(During our own research for book project Ramblers vs. Bearcats, we interviewed former Loyola-Chicago star G Jerry Harkness and had to ask about his days with the Indiana Pacers, and in particular a three-pointer of note, the 90-foot shot early in that 1967-68 debut season that still stands as a pro basketball record. It also won a game at the buzzer for the Pacers against the Dallas Chaparrals. Harkness described the long heave of 90 feet when we spoke. "I got a short pass from Oliver Darden right about at the baseline and just whirled and flung it blindly as far as I could, almost like a discus throw," said Harkness. "Darned if it didn't go in." Harkness confirmed that, for a moment, everyone by habit believed the miracle bucket was a 2-point shot and had merely forced an overtime period, until the referees reminded all that it was indeed a three-pointer according to league rule, which was still a new concept at the time. So Harkness' miracle shot had not only gone in, but also had given the Pacers a one-point win that his HC Larry Staverman didn't even see as he was barging toward the locker room after he believed Dallas F John Beasley's shot had won the game for the opposing Chaparrals with 2 seconds to play.)

The tale of three-point marksmen and Les Selvage are only a few of the many recounted by Pluto, who also devotes space to the many long-forgotten teams of the league such as Selvage's Amigos, the Houston Mavericks, New Jersey Americans (forerunner to the present-day Brooklyn Nets), Pittsburgh Pipers, Minnesota Muskies, Oakland Oaks, Washington Caps, Floridians...name the team, and Pluto has made sure to include several passages of interest.

As could be imagined, there were plenty of intriguing and colorful personalities involved with the league, including none other than entertainer Pat Boone, a partial owner of the Oakland Oaks, a team that made quite a splash at the outset of the ABA's existence when signing All-Star F Rick Barry away from the cross-bay San Francisco Warriors. To entice Barry, the Oaks hired Barry's father-in-law, Bruce Hale, as their original coach. But the Warriors sued, and Barry was prevented from playing for the Oaks in the 1967-68 campaign, sitting out the entire season, before making his ABA debut the following year. Those 1968-69 Oaks, coached by Alex Hannum, who had won the NBA title with Wilt Chamberlain and the 76ers in 1966-67, would take the ABA by storm in its second season, with Barry joined by an interesting collection of teammates that included none other than Larry Brown (yes, that Larry Brown), Doug Moe, and a Wichita State rookie named Warren Armstrong (later to become Warren Jabali), featured in a TGS piece last March, who played a power forward spot at all of 6'2 but nonetheless scared the daylights out of opponents with his attitude, physical prowess, and flying slam dunks that could match anything that future stars such as David Thompson or Michael Jordan would ever produce.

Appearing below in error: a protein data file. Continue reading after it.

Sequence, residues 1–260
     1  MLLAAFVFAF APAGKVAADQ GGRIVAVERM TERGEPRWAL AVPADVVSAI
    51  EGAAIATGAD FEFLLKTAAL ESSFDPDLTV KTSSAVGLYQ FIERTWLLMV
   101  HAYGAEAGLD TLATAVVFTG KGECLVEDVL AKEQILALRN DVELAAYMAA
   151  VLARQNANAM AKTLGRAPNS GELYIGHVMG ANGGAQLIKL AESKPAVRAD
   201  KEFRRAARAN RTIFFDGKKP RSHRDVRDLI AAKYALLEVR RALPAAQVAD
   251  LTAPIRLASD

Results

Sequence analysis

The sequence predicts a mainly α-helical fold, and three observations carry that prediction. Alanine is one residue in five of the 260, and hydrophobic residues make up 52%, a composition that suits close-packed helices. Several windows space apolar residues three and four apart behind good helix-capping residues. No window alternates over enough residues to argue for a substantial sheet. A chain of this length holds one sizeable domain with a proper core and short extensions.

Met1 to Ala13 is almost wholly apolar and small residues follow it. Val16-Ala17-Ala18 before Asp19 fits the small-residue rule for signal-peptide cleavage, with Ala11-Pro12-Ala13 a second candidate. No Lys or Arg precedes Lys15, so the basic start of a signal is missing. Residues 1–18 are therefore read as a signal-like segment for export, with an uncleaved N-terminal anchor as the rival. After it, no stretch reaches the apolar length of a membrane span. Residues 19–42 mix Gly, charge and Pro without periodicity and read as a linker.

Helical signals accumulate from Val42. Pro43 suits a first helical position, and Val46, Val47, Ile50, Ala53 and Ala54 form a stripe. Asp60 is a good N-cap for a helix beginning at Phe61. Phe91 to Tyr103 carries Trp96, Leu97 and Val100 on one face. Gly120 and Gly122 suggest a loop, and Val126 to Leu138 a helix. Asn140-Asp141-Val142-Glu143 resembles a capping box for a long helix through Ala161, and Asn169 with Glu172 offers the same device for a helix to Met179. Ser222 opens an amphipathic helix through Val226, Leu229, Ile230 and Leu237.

The Oaks would average a staggering 126 points, although they did so with Barry (who scored a whopping 34 ppg) available for only the first half of the season. Barry blew out his knee in a collision with the Nets' Ken Wilburn in a game at the old and drafty "ice box" Commack Arena on Long Island (the Nets had moved from the old Teaneck Armory in New Jersey, dropped the name Americans, and had adopted the new name of Nets, for the 1968-69 season). Oakland would eventually win the title without Barry, as Moe, Armstrong, Brown, ex-BYU C Jim Eakins and ex-Ohio State C Gary Bradds would lead Hannum's team past Slick Leonard's Pacers, 4-1, in the finals.

The list of characters (which would include Connie Hawkins, who found a home in the ABA after being banned from the NBA due to a college point-shaving scandal in which he was not involved, wronged by the legal system of the day) is too extensive to cover in the space allotted. Another of Pluto's contributors to Loose Balls was none other than Bob Costas, whose first significant announcing gig out of Syracuse was his work in his mid 20s as play-by-play announcer for Ozzie and Daniel Silna's Spirits of St. Louis.

Pluto also goes in depth to recount the legendary slam-dunk contest at the 1976 All-Star Game in Denver, when the Dr. J. legend would be further established in a stirring showdown with David Thompson, George Gervin, Marvin Barnes and others. It set the template for a similar contest that would be adopted by the NBA and become a centerpiece of its future All-Star weekends.